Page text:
Supreme Court Year in Review

Why the Feds Won Big in Arizona
An email conversation about the news of the day.
June 25 2012 5:21 PM

Supreme Court Year in Review


People are painting the Arizona immigration case as a “split verdict.” Nope, the feds won big.


Rob Donnelly.

Dear Dahlia, Emily, and Judge Posner,

What is striking to me about the court’s decision in the Arizona immigration case is what a total victory this decision was for the U.S. government and for the solicitor general. Press coverage that leads with the notion that the court upheld the “key provision” or suggesting that the overall outcome was a “split verdict” seems way off base to me. The feds won. 

Here are the Arizona provisions the court struck down:

  • The provision making it a crime to be present in Arizona without carrying an alien registration document
  • The provision making it a crime for an “unauthorized alien” to look for work or take a job
  • The provision allowing an Arizona law enforcement officer to arrest anyone that the officer believes has committed a crime that would make him deportable.

Here are the Arizona provisions the court held were valid:

  • No provisions.  Not any. None. 

The court did hold that it was premature to invalidate the fourth provision at issue. This part of the law does two things:  1) It requires state officials to determine the immigration status of any person they stop on some other legitimate basis (if they have reason to suspect the person is in the country unlawfully), and 2) It requires that the police must have the person’s immigration status determined before the person is released. The court did not pass final judgment on the first part, the mandatory status check. And it strongly indicates that the second part would be unconstitutional if it were read to allow prolonged detention. “Detaining individuals solely to verify their immigration status would raise constitutional concerns,” the court says. And if—if—the the provision “only requires state officers to conduct a status check during the course of an authorized, lawful detention or after a detainee has been released, the provision likely would survive preemption…”  “Likely would”—if read and enforced by the Arizona authorities in this more benign way. At least “absent some showing” of other adverse consequences. And subject to further civil rights challenges.  Rather than uphold this provision, the court notes that “the nature and timing of this case counsel caution in evaluating [its] validity” because the law has not gone into effect and there is thus uncertainty about “what the law means and how it will be enforced.”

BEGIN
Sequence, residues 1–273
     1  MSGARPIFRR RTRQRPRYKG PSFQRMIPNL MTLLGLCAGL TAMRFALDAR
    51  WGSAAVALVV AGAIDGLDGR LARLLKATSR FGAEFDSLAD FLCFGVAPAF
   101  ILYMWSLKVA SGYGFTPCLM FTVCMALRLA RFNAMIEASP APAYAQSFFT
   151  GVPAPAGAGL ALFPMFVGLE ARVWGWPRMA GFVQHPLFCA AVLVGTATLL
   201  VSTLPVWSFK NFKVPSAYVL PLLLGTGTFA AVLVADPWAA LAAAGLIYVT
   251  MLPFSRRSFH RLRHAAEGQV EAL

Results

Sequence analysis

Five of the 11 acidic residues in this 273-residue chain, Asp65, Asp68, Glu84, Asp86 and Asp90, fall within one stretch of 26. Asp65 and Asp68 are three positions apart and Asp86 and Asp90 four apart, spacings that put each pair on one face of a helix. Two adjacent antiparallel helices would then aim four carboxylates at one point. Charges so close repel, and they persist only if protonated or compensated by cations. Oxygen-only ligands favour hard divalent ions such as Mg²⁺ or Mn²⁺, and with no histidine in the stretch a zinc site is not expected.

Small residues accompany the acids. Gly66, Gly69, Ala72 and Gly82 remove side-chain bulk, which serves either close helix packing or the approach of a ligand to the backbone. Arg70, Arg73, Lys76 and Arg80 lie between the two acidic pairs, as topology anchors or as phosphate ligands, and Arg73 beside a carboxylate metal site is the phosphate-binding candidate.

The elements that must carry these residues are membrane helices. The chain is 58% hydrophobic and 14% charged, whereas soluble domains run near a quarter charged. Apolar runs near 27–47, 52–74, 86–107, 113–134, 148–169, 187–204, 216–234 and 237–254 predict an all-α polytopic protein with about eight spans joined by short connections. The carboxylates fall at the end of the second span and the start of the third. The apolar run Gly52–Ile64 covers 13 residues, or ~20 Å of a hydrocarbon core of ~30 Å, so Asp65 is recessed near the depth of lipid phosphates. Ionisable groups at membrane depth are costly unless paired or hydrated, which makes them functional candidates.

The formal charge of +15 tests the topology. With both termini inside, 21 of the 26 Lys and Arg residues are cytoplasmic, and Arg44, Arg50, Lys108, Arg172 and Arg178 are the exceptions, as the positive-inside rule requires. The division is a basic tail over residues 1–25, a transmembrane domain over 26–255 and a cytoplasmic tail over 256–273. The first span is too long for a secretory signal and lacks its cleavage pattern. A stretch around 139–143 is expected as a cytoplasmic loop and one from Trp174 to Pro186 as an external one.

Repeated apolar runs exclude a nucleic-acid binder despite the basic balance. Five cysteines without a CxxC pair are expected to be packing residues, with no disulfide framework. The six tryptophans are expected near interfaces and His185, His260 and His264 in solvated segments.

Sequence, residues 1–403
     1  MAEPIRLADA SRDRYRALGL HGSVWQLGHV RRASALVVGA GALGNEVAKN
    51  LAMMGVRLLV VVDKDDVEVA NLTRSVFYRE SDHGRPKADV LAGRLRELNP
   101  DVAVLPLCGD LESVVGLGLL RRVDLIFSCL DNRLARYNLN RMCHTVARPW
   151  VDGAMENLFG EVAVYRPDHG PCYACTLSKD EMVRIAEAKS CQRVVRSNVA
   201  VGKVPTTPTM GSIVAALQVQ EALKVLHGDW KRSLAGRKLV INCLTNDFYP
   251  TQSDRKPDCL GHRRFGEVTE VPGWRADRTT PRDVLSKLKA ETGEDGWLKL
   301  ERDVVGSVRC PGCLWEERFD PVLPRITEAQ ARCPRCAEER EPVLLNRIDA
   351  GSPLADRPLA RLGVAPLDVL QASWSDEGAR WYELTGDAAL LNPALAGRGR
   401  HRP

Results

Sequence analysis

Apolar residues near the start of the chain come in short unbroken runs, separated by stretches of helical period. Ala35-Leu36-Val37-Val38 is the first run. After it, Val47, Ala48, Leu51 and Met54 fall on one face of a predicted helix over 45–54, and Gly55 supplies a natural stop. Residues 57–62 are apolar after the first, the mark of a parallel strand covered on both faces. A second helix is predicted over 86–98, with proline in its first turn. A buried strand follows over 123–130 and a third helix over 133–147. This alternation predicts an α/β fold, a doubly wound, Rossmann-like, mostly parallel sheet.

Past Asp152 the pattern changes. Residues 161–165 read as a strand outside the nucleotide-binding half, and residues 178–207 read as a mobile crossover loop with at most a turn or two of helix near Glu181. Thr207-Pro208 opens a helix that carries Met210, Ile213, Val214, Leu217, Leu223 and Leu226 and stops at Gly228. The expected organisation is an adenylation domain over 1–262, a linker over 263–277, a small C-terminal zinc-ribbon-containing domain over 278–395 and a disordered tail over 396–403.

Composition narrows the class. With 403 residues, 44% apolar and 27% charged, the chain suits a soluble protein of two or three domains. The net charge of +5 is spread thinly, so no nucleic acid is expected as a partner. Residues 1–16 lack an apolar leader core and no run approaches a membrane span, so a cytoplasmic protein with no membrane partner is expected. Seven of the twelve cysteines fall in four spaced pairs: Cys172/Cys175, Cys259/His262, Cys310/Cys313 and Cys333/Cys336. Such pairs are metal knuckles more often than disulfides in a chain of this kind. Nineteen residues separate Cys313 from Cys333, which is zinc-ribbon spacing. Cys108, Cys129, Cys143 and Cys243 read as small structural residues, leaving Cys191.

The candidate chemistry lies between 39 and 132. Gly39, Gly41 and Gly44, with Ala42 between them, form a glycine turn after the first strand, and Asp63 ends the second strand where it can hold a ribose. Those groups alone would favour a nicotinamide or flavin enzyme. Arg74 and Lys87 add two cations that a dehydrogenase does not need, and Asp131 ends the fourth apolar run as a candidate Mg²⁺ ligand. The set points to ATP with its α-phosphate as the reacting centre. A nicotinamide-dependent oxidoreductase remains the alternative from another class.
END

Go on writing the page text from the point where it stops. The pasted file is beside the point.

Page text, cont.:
So what does Arizona win? A temporary reprieve for one provision that will be upheld by the court only if Arizona abandons the language that requires detaining a person until their immigration status can be verified. That may be something. But not nearly as much as that which was invalidated.

More generally, the tenor of the opinion of the court is a vindication of federal authority over immigration. “Federal law makes a single sovereign responsible for maintaining a comprehensive and unified system to keep track of aliens within the Nation’s borders,” and quotes from an earlier decision that “Conflict is imminent whenever two separate remedies are brought to bear on the same activity.” It will take at least several days of analysis before one can confidently predict what today’s decision will mean for immigration laws enacted recently by other states. But there is virtually nothing in the court’s opinion that should give lawmakers in those other states any comfort whatsoever.

And that is why Justice Scalia is so upset. (Unless, Dahlia, he is being anticipatorily mad about what may happen on Thursday. You think?)  I want to address Scalia’s amazing dissent in a future posting. And to explore whether Chief Justice Roberts changed his vote and joined with Kennedy, Ginsburg, Breyer and Sotomayor in order to avoid a 4-4 tie.  (It would not be the first time a chief justice had done that.) 

More to come. Much more.


Walter Dellinger is a professor of law (on leave) at Duke University and a partner in the appellate practice at O’Melveny & Myers in Washington, D.C.



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